“We have just enough religion to make us hate, but not enough to make us love one another.”
Jonathan Swift (1667–1745), Irish author and clergyman.
Thoughts on Various Subjects (1711).
Vatican Warns Catholics Against Marrying Muslims
Fri May 14, 2004 12:43 PM ET
By Shasta Darlington
VATICAN CITY (Reuters) - The Vatican warned Catholic women on Friday to think hard before marrying a Muslim and urged Muslims to show more respect for human rights, gender equality and democracy.
Calling women "the least protected member of the Muslim family," it spoke of the "bitter experience" western Catholics had with Muslim husbands, especially if they married outside the Islamic world and later moved to his country of origin.
The comments in a document about migrants around the world were preceded by remarks about points of agreement between Christians and Muslims but they seemed likely to fuel mistrust between the world's two largest religions.
The document said the Church discouraged marriages between believers in traditionally Catholic countries and non-Christian migrants.
It hoped Muslims would show "a growing awareness that fundamental liberties, the inviolable rights of the person, the equal dignity of man and woman, the democratic principle of government and the healthy lay character of the state are principles that cannot be surrendered."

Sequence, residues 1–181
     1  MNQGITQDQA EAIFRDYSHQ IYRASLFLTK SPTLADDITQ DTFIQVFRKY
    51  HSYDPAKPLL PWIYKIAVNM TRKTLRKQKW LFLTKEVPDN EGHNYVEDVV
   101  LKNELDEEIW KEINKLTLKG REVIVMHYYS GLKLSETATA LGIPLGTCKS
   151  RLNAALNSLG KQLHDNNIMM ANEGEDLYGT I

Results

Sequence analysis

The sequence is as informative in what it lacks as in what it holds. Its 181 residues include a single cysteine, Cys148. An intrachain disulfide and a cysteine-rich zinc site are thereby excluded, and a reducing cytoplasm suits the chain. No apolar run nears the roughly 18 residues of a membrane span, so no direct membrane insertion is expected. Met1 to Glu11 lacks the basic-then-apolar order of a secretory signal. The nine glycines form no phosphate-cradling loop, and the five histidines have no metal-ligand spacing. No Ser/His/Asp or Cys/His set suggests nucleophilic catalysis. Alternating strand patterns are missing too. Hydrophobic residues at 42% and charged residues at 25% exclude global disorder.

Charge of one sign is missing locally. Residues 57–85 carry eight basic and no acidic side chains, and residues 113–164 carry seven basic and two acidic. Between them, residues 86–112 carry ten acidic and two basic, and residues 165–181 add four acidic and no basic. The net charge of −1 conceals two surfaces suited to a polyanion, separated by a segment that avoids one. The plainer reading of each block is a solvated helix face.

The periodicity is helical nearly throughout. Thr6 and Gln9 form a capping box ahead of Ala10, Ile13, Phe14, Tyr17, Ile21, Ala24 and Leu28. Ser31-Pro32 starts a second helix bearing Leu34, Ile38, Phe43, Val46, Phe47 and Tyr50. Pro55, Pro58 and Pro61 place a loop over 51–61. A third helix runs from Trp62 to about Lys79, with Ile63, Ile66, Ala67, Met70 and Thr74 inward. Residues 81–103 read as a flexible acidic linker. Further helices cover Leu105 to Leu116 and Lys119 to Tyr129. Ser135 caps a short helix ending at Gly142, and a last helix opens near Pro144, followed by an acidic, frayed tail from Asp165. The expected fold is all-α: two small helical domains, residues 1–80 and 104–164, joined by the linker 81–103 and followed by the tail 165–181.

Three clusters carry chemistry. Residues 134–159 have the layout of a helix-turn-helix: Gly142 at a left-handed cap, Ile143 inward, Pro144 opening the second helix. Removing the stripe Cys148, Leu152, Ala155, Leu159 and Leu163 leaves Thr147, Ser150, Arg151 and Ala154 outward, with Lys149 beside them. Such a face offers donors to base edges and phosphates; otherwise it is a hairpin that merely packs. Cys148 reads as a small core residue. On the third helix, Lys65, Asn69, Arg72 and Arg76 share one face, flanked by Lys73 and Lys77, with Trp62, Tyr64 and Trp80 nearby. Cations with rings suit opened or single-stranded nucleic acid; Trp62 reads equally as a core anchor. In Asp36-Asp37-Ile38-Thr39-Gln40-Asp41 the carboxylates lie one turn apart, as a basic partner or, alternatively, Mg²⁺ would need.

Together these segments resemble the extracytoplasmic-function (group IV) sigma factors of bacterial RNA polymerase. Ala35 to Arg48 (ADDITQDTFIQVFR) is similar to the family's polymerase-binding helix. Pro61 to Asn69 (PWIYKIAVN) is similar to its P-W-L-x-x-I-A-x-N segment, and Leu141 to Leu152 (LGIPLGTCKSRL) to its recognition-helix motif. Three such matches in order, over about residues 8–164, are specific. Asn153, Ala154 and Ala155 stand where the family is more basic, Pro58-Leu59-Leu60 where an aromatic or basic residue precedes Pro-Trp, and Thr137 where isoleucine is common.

When a Catholic woman and Muslim man wanted to marry, it said, "bitter experience teaches us that a particularly careful and in-depth preparation is called for."
It said one possible problem was with Muslim in-laws and advised future mothers that they must insist on Church policy that children born of a mixed marriage be baptized and brought up as Catholics.
If the marriage is registered in the consulate of a Muslim country, the document said, the Catholic must be careful not to sign a document or swear an oath including the shahada, the Islamic profession of faith, which would amount to converting.
The document highlighted the contrasting approaches the Vatican has taken in recent years toward Islam, which has emerged as a strong rival for souls, especially in Africa.
Pope John Paul has broken ground in dialogue with Muslims and even prayed in a mosque in Damascus. He won plaudits in the Muslim world for his strong opposition to the Iraq war.
But Vatican officials and leading Catholic prelates have expressed increasingly critical views about the spread of Islam and the challenge this poses for Catholicism.
The Vatican's top theologian, Cardinal Joseph Ratzinger, said earlier this week the West "no longer loves itself" and so was unable to respond to the challenge of Islam, which was growing because it expressed "greater spiritual energy."
The migration document also discouraged churches from letting non-Christians use their places of worship.
This issue arose last month when Muslims in Spain asked to be able to pray in Cordoba cathedral, which was once a mosque. A senior Vatican official said this would be "problematic."